1781 is best known for the American triumph at Yorktown, but at the start of the year the American cause was in trouble. The French were beginning to tire of their commitment and little progress appeared to being made. There was an increasing chance that a conference of the European powers would impose a peace treaty that would split the American colonies, with the British retaining those areas actually under their control. This in particular meant the southern states, where the British had re-established some control in the previous year, after adopting a new 'southern strategy'.
This book follows the events of 1781, a year that saw the British southern strategy fall apart as they lost control of the countryside. They ended up with control of a few cities, and with their main southern army, under General Cornwallis, building a new base at Yorktown. Meanwhile Washington managed to convince the French to abandon plans for an attack on New York, and instead cooperate with the American army, move south and try to catch Cornwallis. We also follow more minor events, such as Benedict Arnold's attempts to make himself useful to the British, mainly by carrying out a series of unsuccessful raids.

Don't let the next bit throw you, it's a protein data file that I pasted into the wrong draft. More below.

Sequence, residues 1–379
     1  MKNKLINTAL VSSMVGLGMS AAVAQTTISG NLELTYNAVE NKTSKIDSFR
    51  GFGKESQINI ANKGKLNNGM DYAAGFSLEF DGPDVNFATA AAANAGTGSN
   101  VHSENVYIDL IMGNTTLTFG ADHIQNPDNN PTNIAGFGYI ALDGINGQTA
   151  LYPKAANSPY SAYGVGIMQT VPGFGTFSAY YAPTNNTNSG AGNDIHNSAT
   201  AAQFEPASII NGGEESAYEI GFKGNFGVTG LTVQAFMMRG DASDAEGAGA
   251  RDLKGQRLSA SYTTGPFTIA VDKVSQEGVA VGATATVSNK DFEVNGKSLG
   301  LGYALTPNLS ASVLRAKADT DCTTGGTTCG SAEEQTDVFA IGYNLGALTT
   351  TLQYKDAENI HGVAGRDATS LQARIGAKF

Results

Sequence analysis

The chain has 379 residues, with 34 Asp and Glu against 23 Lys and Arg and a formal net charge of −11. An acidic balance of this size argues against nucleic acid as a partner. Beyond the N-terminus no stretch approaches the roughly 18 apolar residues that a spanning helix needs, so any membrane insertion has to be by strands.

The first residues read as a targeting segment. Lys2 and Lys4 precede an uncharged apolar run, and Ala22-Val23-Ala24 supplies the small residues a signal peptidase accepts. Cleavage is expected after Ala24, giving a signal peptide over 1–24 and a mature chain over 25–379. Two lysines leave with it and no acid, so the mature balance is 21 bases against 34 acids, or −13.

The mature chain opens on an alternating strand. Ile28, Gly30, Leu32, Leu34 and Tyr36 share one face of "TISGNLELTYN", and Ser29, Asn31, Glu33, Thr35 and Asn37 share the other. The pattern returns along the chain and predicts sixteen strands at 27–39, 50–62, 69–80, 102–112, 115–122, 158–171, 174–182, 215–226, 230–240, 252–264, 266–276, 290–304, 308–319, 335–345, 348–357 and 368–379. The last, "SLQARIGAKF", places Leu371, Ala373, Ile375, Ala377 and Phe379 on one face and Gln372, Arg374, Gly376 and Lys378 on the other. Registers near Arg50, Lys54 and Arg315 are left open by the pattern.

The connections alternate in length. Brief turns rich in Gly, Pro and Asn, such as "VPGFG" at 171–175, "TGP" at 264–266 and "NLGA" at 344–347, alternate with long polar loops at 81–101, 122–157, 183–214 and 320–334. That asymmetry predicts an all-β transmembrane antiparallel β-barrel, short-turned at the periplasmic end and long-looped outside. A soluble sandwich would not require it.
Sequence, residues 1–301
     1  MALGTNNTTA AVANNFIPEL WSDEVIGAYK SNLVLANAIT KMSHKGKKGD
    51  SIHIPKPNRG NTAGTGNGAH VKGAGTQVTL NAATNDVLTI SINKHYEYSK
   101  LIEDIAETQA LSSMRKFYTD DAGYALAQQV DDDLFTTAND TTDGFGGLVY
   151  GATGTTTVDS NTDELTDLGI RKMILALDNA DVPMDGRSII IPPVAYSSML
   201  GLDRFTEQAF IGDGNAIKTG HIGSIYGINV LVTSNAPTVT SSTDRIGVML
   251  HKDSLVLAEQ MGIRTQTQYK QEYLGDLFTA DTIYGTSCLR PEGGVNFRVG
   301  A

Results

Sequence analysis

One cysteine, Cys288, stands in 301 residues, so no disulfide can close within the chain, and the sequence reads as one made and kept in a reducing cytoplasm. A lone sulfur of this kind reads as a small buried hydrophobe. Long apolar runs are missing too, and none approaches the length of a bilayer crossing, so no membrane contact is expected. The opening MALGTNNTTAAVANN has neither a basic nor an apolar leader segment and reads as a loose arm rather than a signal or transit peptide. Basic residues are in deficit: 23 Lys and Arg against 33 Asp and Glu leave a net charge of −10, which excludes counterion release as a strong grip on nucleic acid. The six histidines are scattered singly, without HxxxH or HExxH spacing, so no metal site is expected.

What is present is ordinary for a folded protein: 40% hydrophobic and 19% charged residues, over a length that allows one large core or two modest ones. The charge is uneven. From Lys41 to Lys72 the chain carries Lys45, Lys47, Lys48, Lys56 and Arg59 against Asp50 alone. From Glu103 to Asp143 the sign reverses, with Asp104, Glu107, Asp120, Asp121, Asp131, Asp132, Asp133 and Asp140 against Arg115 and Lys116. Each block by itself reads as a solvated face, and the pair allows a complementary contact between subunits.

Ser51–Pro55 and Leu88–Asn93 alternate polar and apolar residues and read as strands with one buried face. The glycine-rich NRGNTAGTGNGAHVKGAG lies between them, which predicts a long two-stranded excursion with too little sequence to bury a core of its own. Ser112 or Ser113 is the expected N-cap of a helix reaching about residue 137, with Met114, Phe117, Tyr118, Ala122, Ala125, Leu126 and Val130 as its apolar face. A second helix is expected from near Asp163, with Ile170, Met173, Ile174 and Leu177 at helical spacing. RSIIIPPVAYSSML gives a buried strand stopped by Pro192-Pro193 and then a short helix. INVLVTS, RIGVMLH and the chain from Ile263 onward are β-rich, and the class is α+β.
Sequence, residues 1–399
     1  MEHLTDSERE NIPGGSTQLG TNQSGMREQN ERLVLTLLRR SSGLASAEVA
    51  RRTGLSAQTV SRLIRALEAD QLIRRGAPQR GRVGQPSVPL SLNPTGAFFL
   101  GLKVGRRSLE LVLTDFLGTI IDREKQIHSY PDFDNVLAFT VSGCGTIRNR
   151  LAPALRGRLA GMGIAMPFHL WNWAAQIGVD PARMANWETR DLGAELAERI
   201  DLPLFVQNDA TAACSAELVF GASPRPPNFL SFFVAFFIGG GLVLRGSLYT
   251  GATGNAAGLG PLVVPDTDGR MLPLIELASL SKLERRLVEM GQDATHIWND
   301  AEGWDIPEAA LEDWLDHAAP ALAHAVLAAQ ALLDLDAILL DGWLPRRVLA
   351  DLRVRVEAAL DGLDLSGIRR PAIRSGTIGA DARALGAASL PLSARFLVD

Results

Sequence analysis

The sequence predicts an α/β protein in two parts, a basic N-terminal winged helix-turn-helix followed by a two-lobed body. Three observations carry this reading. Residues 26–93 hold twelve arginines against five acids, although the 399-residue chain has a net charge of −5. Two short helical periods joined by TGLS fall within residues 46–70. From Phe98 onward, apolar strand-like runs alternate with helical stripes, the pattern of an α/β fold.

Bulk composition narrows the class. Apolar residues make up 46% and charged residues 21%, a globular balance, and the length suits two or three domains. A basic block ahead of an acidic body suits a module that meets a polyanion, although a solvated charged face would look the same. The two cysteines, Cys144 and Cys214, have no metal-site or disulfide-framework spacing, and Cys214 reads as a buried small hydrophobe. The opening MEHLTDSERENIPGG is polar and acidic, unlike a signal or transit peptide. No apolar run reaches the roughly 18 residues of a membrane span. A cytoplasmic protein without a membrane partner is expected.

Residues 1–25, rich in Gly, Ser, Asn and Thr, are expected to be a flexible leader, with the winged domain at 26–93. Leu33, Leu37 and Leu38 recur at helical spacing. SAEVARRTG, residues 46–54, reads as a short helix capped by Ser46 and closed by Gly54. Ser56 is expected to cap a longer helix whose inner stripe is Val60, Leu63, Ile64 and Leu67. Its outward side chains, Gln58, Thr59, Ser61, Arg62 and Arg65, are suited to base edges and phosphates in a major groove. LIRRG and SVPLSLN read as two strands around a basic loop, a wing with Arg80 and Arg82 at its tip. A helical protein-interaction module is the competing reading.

This is an interesting year to have chosen for this approach, and brings together both the key developments of the year and some of the less significant actions to paint a picture of a year in which the American struggle for independence made dramatic strides towards success.
Part I: A Winter's Tale
1 - The Darkest New Year
2 - Disorder, Fear and Mutiny
3 - Hills of the South Country
4 - Hell in Virginia
5 - Sunrise at the Cowpens
6 - The Race to the Dan
7 - We Fight, Get Beat, and Fight Again
Part II: No Spring nor Summer Rest
8 - Everything has Changed
9 - The Lion Sleeps at Yorktown
10 - We Have Pursued Them to the Eutaws
Part III: The Guns of Autumn
11 - The Siege of Yorktown
12 - Capitulation
13 - Aftermath
Author: Robert L. Tonsetic
||Save this on Delicious|
Help - F.A.Q. - Contact Us - Search - Recent - About Us - Subscribe in a reader
|Subscribe to History of War|
|Browse Archives at groups.google.co.uk|